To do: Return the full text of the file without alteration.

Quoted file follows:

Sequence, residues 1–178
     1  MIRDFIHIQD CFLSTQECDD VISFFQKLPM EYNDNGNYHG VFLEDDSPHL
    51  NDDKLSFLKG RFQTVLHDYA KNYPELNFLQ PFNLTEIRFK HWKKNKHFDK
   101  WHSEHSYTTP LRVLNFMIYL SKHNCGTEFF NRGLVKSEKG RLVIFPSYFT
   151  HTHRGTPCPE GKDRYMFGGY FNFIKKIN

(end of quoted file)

Sequence, residues 1–178
     1  MIRDFIHIQD CFLSTQECDD VISFFQKLPM EYNDNGNYHG VFLEDDSPHL
    51  NDDKLSFLKG RFQTVLHDYA KNYPELNFLQ PFNLTEIRFK HWKKNKHFDK
   101  WHSEHSYTTP LRVLNFMIYL SKHNCGTEFF NRGLVKSEKG RLVIFPSYFT
   151  HTHRGTPCPE GKDRYMFGGY FNFIKKIN